Is the illness inherited? It is not. No child is born tuberculous; nay more, every child who acquires the disease is infected after birth. There is not even, in my judgment, an inherited predisposition, although in the past medicine has made more of predisposition than theology of predestination. Perhaps both were unhappy doctrines. Yet it was but natural that a belief should have arisen in an inherited predisposition without which the malady could neither arise nor spread. For consumption appears more frequently in the children than in the husband of a tuberculous woman. Both children and husband are exposed to the same infection: but, so they reasoned, the children have an inherited predisposition which is absent in the husband, and this they are prone to develop the disease. This argument, at first glance clear and convincing, is nevertheless fallacious. In 1911, I examined 723 London children from families in which one or the other parent was tuberculous. Some of the parents were infectious, but others were in the earlier and non-infectious stages of the disease. Now among the children of non-infectious consumptives, there was not two per cent. more infection than amongst the children of healthy parents. Does no that dispel the sinister nightmare of an inherited predisposition, under which, during the past hundred years, men women and children have often resigned themselves to die just because one of their forbears had died of consumption? And does it not teach us too that by preventing infection the eradication of the disease may be yet achieved? Let us pass next to the sources of infection—those minute germs.
Tubercule bacilli in the milk of tuberculous cattle cause half the cases where this disease attacks the bones, glands and joints of children. Tuberculous milk kills 10,000 children every year and creates an amount of child sickness, suffering and sorrow so widespread as to be incomprehensible to a finite mind, and no more natural than if their food had been poisoned with arsenic. Yet in London to-day, one out of even eleven churns of milk arriving at our railway termini contains this death-dealing virus. Under these deplorable conditions it is well to know that tuberculous milk is harmless after being heated to 160 Fahrenheit for half an hour, that these forms of the disease in children, when diagnosed in time, are very amenable to tuberculin treatment, and that intervention is becoming less and less necessary.
To deal next with the danger, fortunately less, of infection from tuberculous meat, the Government authorities responsible appear to be indifferent to the magnitude of the evil. May I illustrate this? When I desired to know the number of seizures of tuberculous carcases exposed for sale in butchers shops throughout the country—still a very trivial offence for which small fines are sometimes inflicted hard-hearted magistrates—I wrote to the Board of Agriculture, who did not know, but referred me to the Local Government Board, who did not know, but referred me to the Home Office, who did not know. Nobody knows.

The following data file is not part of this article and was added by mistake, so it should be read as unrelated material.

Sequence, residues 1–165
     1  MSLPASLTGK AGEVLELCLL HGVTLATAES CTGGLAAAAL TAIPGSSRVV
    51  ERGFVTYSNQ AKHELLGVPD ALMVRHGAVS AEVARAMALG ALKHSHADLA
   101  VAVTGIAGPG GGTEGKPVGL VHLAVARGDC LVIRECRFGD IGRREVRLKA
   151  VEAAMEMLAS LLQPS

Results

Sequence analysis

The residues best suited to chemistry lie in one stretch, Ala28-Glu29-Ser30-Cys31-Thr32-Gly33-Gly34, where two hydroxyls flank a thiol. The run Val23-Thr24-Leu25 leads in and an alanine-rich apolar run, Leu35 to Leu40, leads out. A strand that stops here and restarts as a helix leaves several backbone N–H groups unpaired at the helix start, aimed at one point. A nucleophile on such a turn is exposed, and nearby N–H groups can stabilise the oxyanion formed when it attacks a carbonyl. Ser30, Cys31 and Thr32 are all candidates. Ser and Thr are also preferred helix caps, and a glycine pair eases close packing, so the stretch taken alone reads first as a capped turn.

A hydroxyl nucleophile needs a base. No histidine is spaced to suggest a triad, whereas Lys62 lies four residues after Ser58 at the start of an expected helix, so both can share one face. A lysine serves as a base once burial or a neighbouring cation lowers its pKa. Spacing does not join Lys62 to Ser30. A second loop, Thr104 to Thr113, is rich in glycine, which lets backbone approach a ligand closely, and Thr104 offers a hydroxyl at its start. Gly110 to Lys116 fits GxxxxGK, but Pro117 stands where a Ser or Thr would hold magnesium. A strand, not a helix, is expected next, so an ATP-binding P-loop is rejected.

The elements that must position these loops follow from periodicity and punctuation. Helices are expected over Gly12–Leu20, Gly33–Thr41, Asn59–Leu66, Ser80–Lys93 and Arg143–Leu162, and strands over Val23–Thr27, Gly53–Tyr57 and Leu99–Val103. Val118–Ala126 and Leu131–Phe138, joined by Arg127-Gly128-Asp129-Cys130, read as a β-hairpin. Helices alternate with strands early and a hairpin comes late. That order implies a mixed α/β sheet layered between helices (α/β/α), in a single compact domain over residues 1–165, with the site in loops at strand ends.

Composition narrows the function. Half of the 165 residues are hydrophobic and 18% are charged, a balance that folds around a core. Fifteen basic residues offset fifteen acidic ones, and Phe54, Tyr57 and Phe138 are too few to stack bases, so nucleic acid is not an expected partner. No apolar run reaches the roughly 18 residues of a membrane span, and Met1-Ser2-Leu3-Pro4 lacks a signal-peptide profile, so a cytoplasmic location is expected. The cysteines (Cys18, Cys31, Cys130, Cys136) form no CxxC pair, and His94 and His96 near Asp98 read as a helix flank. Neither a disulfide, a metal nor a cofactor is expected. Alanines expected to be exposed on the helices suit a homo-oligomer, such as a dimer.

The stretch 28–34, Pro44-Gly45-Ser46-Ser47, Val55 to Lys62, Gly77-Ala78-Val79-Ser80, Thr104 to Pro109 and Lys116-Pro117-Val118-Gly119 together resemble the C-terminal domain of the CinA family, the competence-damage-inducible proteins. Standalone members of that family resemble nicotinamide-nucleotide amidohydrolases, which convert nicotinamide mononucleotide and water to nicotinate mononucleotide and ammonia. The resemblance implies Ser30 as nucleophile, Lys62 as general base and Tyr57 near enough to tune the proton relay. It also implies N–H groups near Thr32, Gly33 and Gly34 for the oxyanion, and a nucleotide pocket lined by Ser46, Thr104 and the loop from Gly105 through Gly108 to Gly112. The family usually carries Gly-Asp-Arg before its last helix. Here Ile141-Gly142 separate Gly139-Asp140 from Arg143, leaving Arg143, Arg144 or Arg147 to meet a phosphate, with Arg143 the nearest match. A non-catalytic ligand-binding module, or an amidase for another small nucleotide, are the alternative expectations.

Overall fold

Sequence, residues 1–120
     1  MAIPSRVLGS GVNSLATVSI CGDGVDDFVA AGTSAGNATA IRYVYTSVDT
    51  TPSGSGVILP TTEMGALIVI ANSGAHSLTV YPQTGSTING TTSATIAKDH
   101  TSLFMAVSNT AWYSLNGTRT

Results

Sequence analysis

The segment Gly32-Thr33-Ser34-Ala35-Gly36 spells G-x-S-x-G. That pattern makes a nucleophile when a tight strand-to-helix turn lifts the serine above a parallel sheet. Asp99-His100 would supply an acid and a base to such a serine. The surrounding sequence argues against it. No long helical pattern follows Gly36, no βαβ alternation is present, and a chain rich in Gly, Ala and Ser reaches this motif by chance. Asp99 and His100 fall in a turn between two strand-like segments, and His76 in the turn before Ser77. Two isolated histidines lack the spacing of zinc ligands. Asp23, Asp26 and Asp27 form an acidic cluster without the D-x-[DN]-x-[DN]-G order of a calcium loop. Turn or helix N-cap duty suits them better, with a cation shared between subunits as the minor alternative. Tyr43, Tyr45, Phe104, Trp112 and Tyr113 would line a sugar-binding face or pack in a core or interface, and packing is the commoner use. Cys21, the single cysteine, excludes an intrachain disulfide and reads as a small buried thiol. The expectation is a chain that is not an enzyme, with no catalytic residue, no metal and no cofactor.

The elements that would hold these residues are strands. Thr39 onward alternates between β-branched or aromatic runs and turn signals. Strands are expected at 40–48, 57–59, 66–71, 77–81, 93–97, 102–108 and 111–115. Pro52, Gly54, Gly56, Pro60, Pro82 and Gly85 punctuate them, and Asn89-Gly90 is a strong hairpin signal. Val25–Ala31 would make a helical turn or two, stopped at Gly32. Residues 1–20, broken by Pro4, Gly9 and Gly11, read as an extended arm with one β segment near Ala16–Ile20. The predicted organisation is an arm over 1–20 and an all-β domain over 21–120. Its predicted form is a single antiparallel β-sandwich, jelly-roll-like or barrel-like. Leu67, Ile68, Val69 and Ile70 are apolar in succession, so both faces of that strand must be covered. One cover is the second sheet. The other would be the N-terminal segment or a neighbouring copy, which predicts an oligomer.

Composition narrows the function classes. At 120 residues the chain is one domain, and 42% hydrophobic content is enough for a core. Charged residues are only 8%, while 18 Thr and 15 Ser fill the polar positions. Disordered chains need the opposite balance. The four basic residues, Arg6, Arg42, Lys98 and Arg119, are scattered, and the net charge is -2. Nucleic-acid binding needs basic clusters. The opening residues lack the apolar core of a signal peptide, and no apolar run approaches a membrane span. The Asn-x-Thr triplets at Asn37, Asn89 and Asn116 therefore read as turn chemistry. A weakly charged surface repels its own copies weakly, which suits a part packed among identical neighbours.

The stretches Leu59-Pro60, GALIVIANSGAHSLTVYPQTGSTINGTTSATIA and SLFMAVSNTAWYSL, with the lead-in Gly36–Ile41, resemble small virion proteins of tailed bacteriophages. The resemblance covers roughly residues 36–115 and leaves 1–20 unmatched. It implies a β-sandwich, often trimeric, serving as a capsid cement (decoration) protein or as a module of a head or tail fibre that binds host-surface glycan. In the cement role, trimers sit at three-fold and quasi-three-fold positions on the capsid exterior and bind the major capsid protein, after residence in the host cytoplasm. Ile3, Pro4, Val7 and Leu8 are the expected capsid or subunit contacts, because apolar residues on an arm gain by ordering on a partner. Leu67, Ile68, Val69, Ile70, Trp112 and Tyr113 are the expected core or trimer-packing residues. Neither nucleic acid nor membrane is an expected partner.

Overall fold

But there is the Milk and Dairies Act of 1914, which does not come into force until after the war. Even when it does, it will leave much undone because it deals with advanced disease in cattle, although long before the animal has become emaciated, or its udder diseased, tubercle bacilli are in the milk, but the necessary test is both difficult and expensive, and for the ordinary dairy farmer—to whom the discovery would mean financial loss—where ignorance is bliss, ’twere folly to be wise.
And yet it is possible by means of the tuberculin test, to distinguish between tuberculous and healthy cattle, and, by separating diseased from healthy to eliminate the disease from any herd in a few years. That is what they do in other countries: for example, in America, whose Federal Government Inspectors are stationed at British ports for the purpose of preventing our diseased animals from crossing the Atlantic. Moreover, in America half a million free doses of tuberculin are distributed to dairy farmers every year, while in the state of New York all milk is graded. Grade A for infants and invalids, is from cows that have passed the tuberculin test; and Grade B for adults, is from animals concluded to be healthy after physical examination. These grades are sold raw and pasteurised; and they must also conform to standards of cleanliness and of bacterial purity: Grade C for cooking, must be free of the grosser and more obvious impurities. These vital elements are ignored in our Milk anil Dairy Act. No free doses of tuberculin are sent out by our Board of Agriculture; and yet twenty years ago the Royal Commission on Tuberculosis recommended the official use of this test throughout the country. Is it not time and more than time, that these things were done?
Let us maintain, by all means, our Baby Week, but when we an instructing the poor for seven days about the care of infants for England’s sake, let us remember that 10,000 children are poisoned every year by milk from English cows, that for twenty years we have ignored the recommendation of a Royal Commission and that we have failed to do for our children what other countries have done for theirs.
But there remains one source of infection more deadly than milk, for consumption, the major form of the disease, is due to bacilli of the human type. Four billion bacilli may be discharged in a patient’s sputum every twenty-four hours; and if that sputum dries and is converted into dust the germs are widely distributed. Dust from a room in which a consumptive had died, was found to be infectious six weeks after the death, and thus infection may be carried in the air. Again, when a consumptive coughs, he may expel into the air small droplets of secretion containing tubercle bacilli. Although these droplets are rarely projected more than a few yards beyond the patient, nevertheless there exists an infected environment.